ashita

    Bookmark   October 12, 2007 at 9:32AM
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macaronicat(7a)

Ashita

That's encouraging, I'm going to try to root it both ways and see if I could get the cuttings to root.

Did you keep your kaffir lime outdoor in the ground year round?

    Bookmark   October 13, 2007 at 2:25PM
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ashita(10a)

Hi Macaronicat,

They are in pots. I wrap the pots in a couple of thicknesses of bubble wrap, and put a kind of cage draped with plastic sheeting over them. Not very aesthetic, I have to say :-( The cuttings rooted this year, and I am wondering what to do about them. I don't really have anywhere inside with enough light. I shall probably end up giving them the same treatment, and keeping my fingers crossed! When I stuck the cuttings in the planter, I didn't really pay much attention to them. They were not particularly in the shade, and the weather was hot and humid. Maybe that was why they took -- they felt at home!!!

Ashita

Ashita

    Bookmark   October 14, 2007 at 11:01AM
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macaronicat(7a)

Thank you Ashita,

Do you get snow or frost at where you are?
I'll try to keep my plant alive this year.

    Bookmark   October 16, 2007 at 2:34AM
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ashita(10a)

I'm in Tokyo, and we don't get snow any more really! We used to!!!!! Just an occasional frost. Having said that, we'll probably get tons of snow this year:-) Hope not, I hate the stuff!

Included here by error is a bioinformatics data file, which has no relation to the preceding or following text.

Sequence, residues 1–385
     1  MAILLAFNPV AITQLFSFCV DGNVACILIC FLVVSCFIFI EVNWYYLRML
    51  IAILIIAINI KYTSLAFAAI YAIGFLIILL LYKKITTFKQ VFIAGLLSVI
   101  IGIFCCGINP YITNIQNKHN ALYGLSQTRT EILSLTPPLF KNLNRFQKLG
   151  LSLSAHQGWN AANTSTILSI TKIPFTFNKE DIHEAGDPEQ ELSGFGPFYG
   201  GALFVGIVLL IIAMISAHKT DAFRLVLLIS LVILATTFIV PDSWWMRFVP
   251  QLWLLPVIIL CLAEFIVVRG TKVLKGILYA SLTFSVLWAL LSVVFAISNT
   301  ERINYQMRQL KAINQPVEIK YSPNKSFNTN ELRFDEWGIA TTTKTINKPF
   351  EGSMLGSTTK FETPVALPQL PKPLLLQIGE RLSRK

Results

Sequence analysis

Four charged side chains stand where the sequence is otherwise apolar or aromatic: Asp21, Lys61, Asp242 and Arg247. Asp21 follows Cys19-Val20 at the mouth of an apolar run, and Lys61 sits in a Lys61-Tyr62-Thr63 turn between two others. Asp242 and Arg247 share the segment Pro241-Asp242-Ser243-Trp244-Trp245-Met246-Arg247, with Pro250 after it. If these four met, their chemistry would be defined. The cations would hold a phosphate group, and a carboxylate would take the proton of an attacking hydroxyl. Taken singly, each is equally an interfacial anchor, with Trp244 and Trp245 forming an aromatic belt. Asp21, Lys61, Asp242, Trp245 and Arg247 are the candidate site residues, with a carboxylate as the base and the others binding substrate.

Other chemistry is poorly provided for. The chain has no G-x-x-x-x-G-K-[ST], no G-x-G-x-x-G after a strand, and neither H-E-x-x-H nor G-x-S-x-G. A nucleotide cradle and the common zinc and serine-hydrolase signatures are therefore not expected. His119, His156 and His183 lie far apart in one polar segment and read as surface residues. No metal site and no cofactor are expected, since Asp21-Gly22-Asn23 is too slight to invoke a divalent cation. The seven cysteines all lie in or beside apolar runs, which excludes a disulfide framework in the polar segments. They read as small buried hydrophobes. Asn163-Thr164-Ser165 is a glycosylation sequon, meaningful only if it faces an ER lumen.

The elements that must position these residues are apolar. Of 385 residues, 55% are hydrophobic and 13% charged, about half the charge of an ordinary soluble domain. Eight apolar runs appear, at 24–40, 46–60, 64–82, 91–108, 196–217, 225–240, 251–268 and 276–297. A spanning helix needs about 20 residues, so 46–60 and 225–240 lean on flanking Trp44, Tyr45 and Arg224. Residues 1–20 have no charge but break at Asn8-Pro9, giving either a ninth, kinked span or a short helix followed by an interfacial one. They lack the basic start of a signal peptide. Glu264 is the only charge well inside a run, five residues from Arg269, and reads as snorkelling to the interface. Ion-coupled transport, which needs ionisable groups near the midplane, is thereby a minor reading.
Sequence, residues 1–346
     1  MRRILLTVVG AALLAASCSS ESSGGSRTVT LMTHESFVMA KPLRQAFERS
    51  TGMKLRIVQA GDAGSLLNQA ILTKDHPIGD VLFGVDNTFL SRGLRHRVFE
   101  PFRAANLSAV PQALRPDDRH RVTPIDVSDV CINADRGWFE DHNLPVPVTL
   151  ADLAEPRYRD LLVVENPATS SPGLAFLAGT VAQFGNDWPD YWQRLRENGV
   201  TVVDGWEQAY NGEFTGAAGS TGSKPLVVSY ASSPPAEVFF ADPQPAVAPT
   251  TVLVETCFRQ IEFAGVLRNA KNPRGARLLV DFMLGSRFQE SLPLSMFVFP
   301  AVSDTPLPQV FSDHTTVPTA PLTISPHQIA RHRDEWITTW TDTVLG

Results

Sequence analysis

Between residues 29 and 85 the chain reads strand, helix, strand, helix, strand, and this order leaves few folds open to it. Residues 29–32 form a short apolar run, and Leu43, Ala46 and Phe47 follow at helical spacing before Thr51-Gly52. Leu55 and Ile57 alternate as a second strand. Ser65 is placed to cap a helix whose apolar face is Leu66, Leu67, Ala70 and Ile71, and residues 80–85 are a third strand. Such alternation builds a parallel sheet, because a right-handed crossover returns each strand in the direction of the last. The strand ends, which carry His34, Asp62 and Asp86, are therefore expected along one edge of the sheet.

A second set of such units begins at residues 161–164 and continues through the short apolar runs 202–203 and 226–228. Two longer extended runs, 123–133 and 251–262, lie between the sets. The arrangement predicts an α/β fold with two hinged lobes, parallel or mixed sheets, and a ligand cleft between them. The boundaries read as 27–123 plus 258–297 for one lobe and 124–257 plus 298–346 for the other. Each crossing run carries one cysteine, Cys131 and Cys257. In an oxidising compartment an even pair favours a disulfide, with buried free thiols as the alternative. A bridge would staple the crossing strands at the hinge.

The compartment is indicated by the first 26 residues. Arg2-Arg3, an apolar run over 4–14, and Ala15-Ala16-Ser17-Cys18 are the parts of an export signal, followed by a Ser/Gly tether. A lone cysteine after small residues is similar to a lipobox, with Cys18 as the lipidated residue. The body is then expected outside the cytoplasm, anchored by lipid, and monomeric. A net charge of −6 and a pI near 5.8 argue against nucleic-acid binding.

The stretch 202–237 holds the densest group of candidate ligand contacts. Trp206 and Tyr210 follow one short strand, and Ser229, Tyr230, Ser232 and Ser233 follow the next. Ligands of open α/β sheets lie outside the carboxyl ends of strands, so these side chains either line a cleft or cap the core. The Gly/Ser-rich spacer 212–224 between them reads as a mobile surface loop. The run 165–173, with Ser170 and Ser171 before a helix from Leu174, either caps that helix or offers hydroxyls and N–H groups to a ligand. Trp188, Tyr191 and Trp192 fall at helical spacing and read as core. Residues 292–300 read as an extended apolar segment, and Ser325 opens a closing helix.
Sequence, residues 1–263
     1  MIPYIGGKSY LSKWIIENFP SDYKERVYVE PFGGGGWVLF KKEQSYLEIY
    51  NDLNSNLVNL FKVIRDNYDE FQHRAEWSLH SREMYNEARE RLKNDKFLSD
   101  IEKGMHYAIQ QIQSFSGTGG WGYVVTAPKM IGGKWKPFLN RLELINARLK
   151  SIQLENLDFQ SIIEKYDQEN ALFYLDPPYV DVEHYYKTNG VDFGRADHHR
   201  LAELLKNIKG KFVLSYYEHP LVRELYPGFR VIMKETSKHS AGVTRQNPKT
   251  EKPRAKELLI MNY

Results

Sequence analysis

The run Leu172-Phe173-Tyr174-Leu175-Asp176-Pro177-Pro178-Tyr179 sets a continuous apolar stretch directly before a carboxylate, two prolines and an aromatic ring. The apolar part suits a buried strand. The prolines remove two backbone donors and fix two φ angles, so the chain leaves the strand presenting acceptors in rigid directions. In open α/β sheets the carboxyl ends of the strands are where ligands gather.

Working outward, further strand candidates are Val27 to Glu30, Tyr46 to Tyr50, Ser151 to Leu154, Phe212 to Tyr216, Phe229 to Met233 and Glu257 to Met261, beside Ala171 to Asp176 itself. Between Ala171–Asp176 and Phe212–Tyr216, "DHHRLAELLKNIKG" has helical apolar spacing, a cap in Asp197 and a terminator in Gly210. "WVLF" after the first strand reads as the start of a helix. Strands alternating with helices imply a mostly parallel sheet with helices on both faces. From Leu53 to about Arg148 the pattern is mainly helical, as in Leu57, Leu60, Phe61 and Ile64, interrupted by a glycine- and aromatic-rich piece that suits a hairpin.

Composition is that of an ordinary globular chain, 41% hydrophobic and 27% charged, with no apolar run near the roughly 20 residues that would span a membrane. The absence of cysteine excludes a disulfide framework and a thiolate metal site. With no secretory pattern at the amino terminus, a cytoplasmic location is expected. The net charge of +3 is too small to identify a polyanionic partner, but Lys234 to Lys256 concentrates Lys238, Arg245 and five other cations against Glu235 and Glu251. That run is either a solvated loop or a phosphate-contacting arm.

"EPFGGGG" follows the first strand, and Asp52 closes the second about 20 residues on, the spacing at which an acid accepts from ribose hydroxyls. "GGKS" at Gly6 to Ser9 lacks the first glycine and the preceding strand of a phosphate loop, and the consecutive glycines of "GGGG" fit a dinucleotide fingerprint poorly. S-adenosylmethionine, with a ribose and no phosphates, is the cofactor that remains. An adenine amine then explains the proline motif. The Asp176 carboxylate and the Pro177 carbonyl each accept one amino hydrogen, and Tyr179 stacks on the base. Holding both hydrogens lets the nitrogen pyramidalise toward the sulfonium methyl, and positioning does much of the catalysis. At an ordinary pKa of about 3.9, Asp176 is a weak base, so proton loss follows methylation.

ashita

    Bookmark   October 22, 2007 at 8:21AM
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jonyl

I found this piece of info that might help. But if anyone tries it with success, I'd also like to know...

"It is probably better to graft cuttings of the Kaffir lime tree onto a robust citrus, orange tree, root stock. This will yield faster growth and improved disease resistance. In the case of my plants, I took cuttings of the rootstock and rooted them last Winter. They are all small trees now. I will then take cuttins of the Kaffir Lime stems and graft to the rootstock so that next year I will have about a dozen robust Kaffir Lime plants"

    Bookmark   September 9, 2010 at 1:57AM
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uttara

I live in california bay area.I want to get some cutting from my kaffir plant, I want to know how mature do the stems need to be.

    Bookmark   May 9, 2012 at 9:38PM
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msmorningsong(SW FL 10A)

Here's a very nice video of how this guy takes cuttings with great success:
http://www.just4growers.com/stream/propagation/how-to-take-a-cutting/how-to-take-a-cutting-kaffir-lime.aspx

Here is a link that might be useful: Tutorial/Propagate Kaffir Lime Cuttings

    Bookmark   May 17, 2014 at 6:51AM
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wynnho

The lime tree I grew (a key lime maybe) could grow from cuttings taken in summer. The success rate was low, but the tree needed shaping/pruning anyway.

    Bookmark   February 6, 2015 at 4:03PM